When people think of NASA, they usually think of space exploration. But NASA also explores our home planet, and the results of that exploration help other agencies provide substantial benefits to our society and economy. An example of NASA’s Earth research leading to new benefits is in the area of the control of non-native plants such as the plants that may be reducing water supplies in the western United States.
NASA makes its earth observations, modeling and computational capabilities available to enhance the tools other agencies use to control invasive plant species. An "invasive species" is non-native (alien) to the ecosystem in which it’s found. Often, invasive species cause economic or environmental harm or harm to human health. Invasive species can be plants, animals, and other organisms (e.g., microbes). Human actions are the primary means of invasive species introductions.
Invasive plant species traditionally are located, identified and monitored by manual ground surveys. Such surveys are effective, but expensive, timely and difficult to manage over large areas. Now, a new tool developed by the U.S. Geological Survey (USGS) is taking advantage of observations from NASA satellites and NASA systems engineering to provide a service for land managers that predicts quickly and inexpensively the location and spread of invasive plants over regional areas. The tool, called the Invasive Species Forecasting System (ISFS) was recently used to make the first predictive map of tamarisk habitat in the United States.
Rob Gutro | EurekAlert!
Value from wastewater
16.08.2017 | Hochschule Landshut
Species Richness – a false friend? Scientists want to improve biodiversity assessments
01.08.2017 | Carl von Ossietzky-Universität Oldenburg
Whether you call it effervescent, fizzy, or sparkling, carbonated water is making a comeback as a beverage. Aside from quenching thirst, researchers at the University of Illinois at Urbana-Champaign have discovered a new use for these "bubbly" concoctions that will have major impact on the manufacturer of the world's thinnest, flattest, and one most useful materials -- graphene.
As graphene's popularity grows as an advanced "wonder" material, the speed and quality at which it can be manufactured will be paramount. With that in mind,...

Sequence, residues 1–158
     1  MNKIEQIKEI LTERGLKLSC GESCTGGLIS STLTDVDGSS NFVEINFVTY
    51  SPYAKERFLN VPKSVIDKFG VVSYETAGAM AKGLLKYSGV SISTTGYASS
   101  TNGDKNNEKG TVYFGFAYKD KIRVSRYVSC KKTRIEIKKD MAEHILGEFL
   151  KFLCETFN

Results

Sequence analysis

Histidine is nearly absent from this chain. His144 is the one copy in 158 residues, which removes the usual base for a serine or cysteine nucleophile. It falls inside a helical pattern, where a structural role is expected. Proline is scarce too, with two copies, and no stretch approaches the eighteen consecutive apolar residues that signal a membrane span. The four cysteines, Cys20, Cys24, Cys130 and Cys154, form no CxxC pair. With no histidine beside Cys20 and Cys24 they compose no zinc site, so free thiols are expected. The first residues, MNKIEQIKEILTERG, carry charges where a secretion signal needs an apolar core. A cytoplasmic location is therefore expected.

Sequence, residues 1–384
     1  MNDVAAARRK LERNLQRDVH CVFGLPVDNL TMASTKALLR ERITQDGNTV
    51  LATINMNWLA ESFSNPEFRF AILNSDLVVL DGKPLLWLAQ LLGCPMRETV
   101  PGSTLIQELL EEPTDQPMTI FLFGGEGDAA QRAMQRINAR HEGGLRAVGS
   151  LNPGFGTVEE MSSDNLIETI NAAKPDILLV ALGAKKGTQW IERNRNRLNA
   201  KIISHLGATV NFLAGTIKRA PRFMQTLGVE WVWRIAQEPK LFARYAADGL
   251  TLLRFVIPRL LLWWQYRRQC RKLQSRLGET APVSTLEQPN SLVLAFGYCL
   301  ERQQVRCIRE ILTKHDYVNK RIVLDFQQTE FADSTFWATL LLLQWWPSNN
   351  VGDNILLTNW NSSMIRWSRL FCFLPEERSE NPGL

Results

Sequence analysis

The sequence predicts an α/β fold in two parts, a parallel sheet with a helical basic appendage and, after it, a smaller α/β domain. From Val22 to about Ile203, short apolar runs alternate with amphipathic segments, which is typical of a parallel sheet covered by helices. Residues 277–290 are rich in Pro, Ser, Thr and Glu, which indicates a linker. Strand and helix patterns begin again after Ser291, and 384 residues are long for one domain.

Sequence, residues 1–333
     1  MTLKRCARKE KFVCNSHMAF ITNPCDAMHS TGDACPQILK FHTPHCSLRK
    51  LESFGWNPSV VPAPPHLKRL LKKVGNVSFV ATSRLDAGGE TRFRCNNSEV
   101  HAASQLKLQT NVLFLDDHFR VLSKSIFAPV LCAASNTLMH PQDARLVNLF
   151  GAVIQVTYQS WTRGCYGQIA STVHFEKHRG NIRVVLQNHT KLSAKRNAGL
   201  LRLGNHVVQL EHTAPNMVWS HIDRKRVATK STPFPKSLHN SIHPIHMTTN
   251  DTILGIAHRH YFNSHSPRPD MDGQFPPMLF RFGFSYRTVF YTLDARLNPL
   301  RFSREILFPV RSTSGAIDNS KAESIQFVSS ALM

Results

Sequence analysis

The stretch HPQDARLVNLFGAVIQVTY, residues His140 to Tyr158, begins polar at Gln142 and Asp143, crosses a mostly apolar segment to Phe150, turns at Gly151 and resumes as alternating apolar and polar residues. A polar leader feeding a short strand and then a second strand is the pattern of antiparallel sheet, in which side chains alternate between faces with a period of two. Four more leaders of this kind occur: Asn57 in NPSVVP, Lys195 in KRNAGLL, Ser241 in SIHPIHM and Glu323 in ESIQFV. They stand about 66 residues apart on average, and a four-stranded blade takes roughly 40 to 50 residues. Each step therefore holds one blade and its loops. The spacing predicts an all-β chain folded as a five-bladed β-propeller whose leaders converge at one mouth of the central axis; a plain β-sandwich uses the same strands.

Physicists at the University of Bonn have managed to create optical hollows and more complex patterns into which the light of a Bose-Einstein condensate flows. The creation of such highly low-loss structures for light is a prerequisite for complex light circuits, such as for quantum information processing for a new generation of computers. The researchers are now presenting their results in the journal Nature Photonics.
Light particles (photons) occur as tiny, indivisible portions. Many thousands of these light portions can be merged to form a single super-photon if they are...
For the first time, scientists have shown that circular RNA is linked to brain function. When a RNA molecule called Cdr1as was deleted from the genome of mice, the animals had problems filtering out unnecessary information – like patients suffering from neuropsychiatric disorders.
While hundreds of circular RNAs (circRNAs) are abundant in mammalian brains, one big question has remained unanswered: What are they actually good for? In the...
An experimental small satellite has successfully collected and delivered data on a key measurement for predicting changes in Earth's climate.
The Radiometer Assessment using Vertically Aligned Nanotubes (RAVAN) CubeSat was launched into low-Earth orbit on Nov. 11, 2016, in order to test new...
A study led by scientists of the Max Planck Institute for the Structure and Dynamics of Matter (MPSD) at the Center for Free-Electron Laser Science in Hamburg presents evidence of the coexistence of superconductivity and “charge-density-waves” in compounds of the poorly-studied family of bismuthates. This observation opens up new perspectives for a deeper understanding of the phenomenon of high-temperature superconductivity, a topic which is at the core of condensed matter research since more than 30 years. The paper by Nicoletti et al has been published in the PNAS.
Since the beginning of the 20th century, superconductivity had been observed in some metals at temperatures only a few degrees above the absolute zero (minus...
16.08.2017 | Event News
04.08.2017 | Event News
26.07.2017 | Event News
17.08.2017 | Physics and Astronomy
17.08.2017 | Earth Sciences
17.08.2017 | Physics and Astronomy